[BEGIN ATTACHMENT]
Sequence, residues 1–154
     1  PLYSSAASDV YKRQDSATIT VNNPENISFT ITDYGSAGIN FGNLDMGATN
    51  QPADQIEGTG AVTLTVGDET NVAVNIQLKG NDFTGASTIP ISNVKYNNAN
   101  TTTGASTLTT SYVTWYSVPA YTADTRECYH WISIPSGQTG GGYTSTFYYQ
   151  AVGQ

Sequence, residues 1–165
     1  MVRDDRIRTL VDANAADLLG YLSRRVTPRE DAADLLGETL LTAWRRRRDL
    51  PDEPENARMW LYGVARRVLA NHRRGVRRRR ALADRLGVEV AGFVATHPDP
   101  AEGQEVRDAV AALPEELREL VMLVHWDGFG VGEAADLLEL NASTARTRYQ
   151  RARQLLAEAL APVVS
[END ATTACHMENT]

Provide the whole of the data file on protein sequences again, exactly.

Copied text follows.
Sequence, residues 1–154
     1  PLYSSAASDV YKRQDSATIT VNNPENISFT ITDYGSAGIN FGNLDMGATN
    51  QPADQIEGTG AVTLTVGDET NVAVNIQLKG NDFTGASTIP ISNVKYNNAN
   101  TTTGASTLTT SYVTWYSVPA YTADTRECYH WISIPSGQTG GGYTSTFYYQ
   151  AVGQ

Sequence, residues 1–165
     1  MVRDDRIRTL VDANAADLLG YLSRRVTPRE DAADLLGETL LTAWRRRRDL
    51  PDEPENARMW LYGVARRVLA NHRRGVRRRR ALADRLGVEV AGFVATHPDP
   101  AEGQEVRDAV AALPEELREL VMLVHWDGFG VGEAADLLEL NASTARTRYQ
   151  RARQLLAEAL APVVS